Identification of susceptibility to chemotherapy induced peripheral neuropathy using patient stem cell derived sensory neurons Current understanding of the mechanisms responsible for chemotherapy induced peripheral neuropathy (CIPN) is extremely limited and more importantly, there is no way of identifying who is at risk. In this proposal, we will test the utility of an in-vitro model of CIPN using human neurons generated from patient-derived stem cells for the study of CIPN risk. Sensory neurons, the neurons most commonly affected in CIPN, will be generated from iPSC lines generated from patients treated with the chemotherapeutic paclitaxel who did, or did not, develop CIPN. The susceptibility of these neurons to paclitaxel-induced neurotoxicity will be measured to determine whether neurons from individuals with CIPN are more vulnerable to chemotherapeutic neurotoxicity than those from their age, gender and dose matched controls who did not develop CIPN. The sensory neurons will also be exposed to other classes of chemotherapeutic agents, which also cause peripheral neuropathy despite distinct antineoplastic mechanisms, to determine whether sensory neuron susceptibility to chemotherapy-induced toxicity is generic or specific to certain classes of drug. These findings could contribute to identifying patients at risk for CIPN prior to their treatment and understanding the factors which contribute to CIPN susceptibility.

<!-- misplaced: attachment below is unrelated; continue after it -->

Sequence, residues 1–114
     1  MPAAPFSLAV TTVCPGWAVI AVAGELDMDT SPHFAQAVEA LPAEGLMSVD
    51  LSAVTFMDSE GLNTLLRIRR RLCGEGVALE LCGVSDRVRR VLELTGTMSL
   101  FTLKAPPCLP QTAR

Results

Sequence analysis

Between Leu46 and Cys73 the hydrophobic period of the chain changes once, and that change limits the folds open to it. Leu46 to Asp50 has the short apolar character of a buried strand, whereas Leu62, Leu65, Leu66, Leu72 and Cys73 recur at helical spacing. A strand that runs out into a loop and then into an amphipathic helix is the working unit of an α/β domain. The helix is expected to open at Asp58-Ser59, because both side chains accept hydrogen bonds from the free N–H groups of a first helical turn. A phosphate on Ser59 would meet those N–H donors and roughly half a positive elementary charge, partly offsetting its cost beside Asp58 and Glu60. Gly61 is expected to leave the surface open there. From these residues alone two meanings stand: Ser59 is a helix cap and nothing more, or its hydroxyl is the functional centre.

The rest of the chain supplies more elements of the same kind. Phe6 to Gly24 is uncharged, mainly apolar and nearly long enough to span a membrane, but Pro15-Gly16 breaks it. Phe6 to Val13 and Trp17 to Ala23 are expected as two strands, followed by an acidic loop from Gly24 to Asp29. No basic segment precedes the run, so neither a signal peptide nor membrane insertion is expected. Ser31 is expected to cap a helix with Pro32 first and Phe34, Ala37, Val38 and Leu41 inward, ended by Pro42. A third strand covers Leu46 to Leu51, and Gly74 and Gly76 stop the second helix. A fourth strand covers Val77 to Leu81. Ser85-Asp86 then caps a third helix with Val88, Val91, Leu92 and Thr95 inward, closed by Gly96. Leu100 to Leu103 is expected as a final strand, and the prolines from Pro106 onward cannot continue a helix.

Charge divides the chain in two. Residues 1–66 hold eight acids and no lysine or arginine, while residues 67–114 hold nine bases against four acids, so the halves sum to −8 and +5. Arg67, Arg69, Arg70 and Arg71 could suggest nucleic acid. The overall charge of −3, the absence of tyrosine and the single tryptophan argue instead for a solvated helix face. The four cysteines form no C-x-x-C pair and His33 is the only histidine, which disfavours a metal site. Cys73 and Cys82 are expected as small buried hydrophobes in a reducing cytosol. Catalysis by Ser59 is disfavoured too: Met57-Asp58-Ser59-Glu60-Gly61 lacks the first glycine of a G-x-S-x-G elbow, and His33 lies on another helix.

Chemotherapy induced peripheral neuropathy (CIPN) is a debilitating, untreatable side effect of chemotherapy which affects 40-70% of the 15.5 million cancer survivors in the United States alone. Why certain chemotherapy patients develop CIPN and others do not is currently unknown. This proposal will determine whether in-vitro phenotyping of patient iPSC derived neurons can recapitulate patient risk for CIPN in order to help advance the study of CIPN risk factors.